Despite a fall in the rate of poverty in Africa (down from 54% in 1990 to 41% in 2015), there are more poor people than in 1990 because of rapid population growth. By 2015, half of the world’s extreme poor were in Africa—up from 25% in 2002. Statistics in the non-monetary poverty space echo these patterns. While education, health, and other critical services (water, sanitation, and others) have expanded for people living in the region, levels are still extremely low. Many people lack adequate water and sanitation, and many children are in poor health and lack quality education opportunities.
There are many avenues for working to alleviate poverty in Africa. Among the newest approaches has been the rapid expansion of social safety nets. Every African country has now established at least one social safety net program, and many have several. Back in 2000, few people were talking of social safety nets in the region. Now there is lots of talk! The average number of new social safety net programs launched each year in African countries since 2010 exceeded 10 (see figure).
To be sure, while some countries have quite large programs (Ethiopia, Ghana, Kenya, Senegal, and Tanzania come to mind), these remain exceptions in the region. Most programs are implemented at a much smaller scale. But all signs indicate these programs will grow (notwithstanding new debt issues on the horizon) – which brings us to the question: what should governments and other stakeholders be on the look-out for when trying to scale up? This stunning rise in social safety nets in Africa and lessons for scaling up are the focus of the new regional study, ‘Realizing the Full Potential of Social Safety Nets in Africa’.
So what programs are we talking about? In the report, social safety nets—also sometimes called social assistance programs—are defined as noncontributory benefits provided either in cash or in kind and intended to support the poor or the vulnerable. They are a component of the larger social protection system that also includes contributory social insurance (pensions and health insurance), as well as labor market policies and programs.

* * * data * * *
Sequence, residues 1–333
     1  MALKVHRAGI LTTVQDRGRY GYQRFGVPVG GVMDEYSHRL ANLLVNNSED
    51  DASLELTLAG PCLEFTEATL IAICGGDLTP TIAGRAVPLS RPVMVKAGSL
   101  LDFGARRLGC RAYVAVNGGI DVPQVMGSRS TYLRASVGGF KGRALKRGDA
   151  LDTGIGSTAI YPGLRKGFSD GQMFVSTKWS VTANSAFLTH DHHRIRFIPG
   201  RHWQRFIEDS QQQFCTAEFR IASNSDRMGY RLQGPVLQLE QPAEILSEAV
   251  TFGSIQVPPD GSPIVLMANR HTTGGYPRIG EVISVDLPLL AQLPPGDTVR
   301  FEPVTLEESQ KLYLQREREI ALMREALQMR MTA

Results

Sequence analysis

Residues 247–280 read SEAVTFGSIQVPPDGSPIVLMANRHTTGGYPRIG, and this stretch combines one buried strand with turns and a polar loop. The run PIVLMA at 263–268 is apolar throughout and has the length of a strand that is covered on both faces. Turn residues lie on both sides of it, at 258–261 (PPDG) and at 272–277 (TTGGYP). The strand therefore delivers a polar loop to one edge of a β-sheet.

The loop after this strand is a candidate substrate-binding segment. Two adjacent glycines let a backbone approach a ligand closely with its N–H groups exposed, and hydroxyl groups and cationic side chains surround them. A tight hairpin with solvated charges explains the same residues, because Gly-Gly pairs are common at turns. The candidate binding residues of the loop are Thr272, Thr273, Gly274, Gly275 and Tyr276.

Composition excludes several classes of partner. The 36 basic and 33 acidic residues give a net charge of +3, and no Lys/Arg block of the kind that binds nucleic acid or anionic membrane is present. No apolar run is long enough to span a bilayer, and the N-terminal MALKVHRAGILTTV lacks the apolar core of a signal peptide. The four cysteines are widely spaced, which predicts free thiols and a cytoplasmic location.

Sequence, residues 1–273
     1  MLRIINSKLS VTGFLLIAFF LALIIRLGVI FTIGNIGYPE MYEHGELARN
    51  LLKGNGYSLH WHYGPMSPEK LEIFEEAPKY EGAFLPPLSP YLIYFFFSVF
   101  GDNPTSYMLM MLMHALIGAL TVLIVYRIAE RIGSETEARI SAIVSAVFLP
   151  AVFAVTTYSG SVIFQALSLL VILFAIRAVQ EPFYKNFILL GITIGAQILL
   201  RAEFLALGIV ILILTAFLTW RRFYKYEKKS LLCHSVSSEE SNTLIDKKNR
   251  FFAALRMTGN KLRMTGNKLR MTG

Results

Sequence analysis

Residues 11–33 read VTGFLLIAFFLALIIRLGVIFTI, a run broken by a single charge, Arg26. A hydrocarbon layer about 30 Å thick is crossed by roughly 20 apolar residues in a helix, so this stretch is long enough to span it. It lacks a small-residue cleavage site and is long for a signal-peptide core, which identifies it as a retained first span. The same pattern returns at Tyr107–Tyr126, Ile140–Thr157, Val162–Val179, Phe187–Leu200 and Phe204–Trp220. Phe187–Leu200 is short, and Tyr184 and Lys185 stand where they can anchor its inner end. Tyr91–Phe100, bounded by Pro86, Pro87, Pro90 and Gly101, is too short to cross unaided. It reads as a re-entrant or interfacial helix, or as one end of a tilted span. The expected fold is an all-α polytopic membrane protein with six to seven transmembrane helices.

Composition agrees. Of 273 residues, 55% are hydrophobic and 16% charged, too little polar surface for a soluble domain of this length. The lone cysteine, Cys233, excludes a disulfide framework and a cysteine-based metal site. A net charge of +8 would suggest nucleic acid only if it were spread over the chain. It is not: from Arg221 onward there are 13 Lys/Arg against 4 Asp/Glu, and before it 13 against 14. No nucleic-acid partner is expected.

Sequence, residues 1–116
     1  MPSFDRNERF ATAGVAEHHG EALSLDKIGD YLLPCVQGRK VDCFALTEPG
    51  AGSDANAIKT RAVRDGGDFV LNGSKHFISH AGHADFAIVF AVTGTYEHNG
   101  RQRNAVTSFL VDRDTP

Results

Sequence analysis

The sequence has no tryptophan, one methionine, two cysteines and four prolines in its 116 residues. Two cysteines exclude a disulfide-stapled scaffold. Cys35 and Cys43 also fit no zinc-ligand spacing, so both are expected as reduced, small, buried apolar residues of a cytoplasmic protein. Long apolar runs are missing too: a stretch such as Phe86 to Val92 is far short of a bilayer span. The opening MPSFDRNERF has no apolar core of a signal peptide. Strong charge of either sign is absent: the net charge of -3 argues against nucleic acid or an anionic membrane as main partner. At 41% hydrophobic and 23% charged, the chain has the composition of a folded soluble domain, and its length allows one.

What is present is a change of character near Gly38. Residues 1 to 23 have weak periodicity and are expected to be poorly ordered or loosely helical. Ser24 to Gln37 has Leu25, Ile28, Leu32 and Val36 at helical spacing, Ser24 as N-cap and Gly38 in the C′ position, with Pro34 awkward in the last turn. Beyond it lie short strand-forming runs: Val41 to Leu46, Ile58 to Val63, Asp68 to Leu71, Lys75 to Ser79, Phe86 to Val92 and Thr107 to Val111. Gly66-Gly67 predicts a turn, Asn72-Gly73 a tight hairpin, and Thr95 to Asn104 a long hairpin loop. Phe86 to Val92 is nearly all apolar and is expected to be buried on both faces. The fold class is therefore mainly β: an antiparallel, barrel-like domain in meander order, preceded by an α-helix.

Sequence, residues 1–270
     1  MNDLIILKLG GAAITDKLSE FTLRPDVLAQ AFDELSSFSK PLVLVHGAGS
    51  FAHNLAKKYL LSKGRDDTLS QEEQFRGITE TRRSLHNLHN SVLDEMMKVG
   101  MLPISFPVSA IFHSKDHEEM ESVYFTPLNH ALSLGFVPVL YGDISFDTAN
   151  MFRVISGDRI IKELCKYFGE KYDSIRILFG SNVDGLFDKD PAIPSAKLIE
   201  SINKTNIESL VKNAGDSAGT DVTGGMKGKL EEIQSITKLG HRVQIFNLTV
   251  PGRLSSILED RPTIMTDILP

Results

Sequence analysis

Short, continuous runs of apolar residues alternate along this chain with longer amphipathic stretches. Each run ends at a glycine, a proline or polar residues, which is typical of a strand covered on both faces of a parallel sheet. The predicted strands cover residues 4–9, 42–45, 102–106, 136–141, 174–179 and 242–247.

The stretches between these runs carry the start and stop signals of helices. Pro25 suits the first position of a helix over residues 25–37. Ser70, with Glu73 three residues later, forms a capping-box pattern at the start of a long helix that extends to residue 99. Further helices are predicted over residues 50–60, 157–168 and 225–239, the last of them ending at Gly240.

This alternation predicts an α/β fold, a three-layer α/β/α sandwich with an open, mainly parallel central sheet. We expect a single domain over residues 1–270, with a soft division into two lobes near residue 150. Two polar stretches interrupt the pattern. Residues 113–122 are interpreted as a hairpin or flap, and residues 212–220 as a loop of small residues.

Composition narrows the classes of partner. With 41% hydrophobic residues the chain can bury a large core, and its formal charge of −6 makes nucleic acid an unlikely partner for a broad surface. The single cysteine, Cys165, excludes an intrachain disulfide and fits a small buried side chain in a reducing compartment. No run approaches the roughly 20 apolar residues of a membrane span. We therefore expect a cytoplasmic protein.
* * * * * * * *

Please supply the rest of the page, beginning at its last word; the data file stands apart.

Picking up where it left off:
What do these programs look like? Most common are social safety nets focused on cash transfers, public works, or school feeding. Programs are evolving as the expand. Notable shifts include increased use of cash, programs designed to respond to climate change, more focus on productive capacity and resilience, and promotion of human capital development. Countries have also been creating tools and systems to boost program efficiency and coordination (hooray! This is something discussed more in Chapters 4 and 5 of the report).
While there is much to celebrate – including more poor people getting needed safety nets and programs becoming more efficient – still, the set of existing programs fail to cover most of the poor people in Africa, and even if there were no errors in targeting programs to the poor citizens, not all needs would be met:
- Poverty rates remain higher than coverage rates in most countries, and
- Benefit amounts in social safety net programs are often low relative to people’s needs, and
- Some programs do not exclusively target poor people, but have broader objectives, such as universal old-age social pensions, school lunch programs for all primary-school students, and scholarships for all students in tertiary education, and
- Low coverage rates are exacerbated by the fact that many programs are small or temporary initiatives implemented in isolation, in narrow geographical areas, or among discrete population groups, so program duplication can occur, and
- In many countries, the current stock of social safety net programs lacks fiscal sustainability – development partners fund more than half the social safety net financing in the majority of African countries.
To realize the full potential of social safety nets in addressing problems in equity, resilience, and opportunity for poor and vulnerable populations in Africa, there is a big agenda ahead. Of course, this requires sound technical designs, often informed by the range of impact evaluations on these programs (as discussed in Chapter 2) but more is needed beyond solid technical designs. The report ‘Realizing the Full Potential of Social Safety Nets in Africa’ outlines how politics (Chapter 3), institutions (Chapter 4), and financing (Chapter 5) are critical components of the agenda to realize this potential.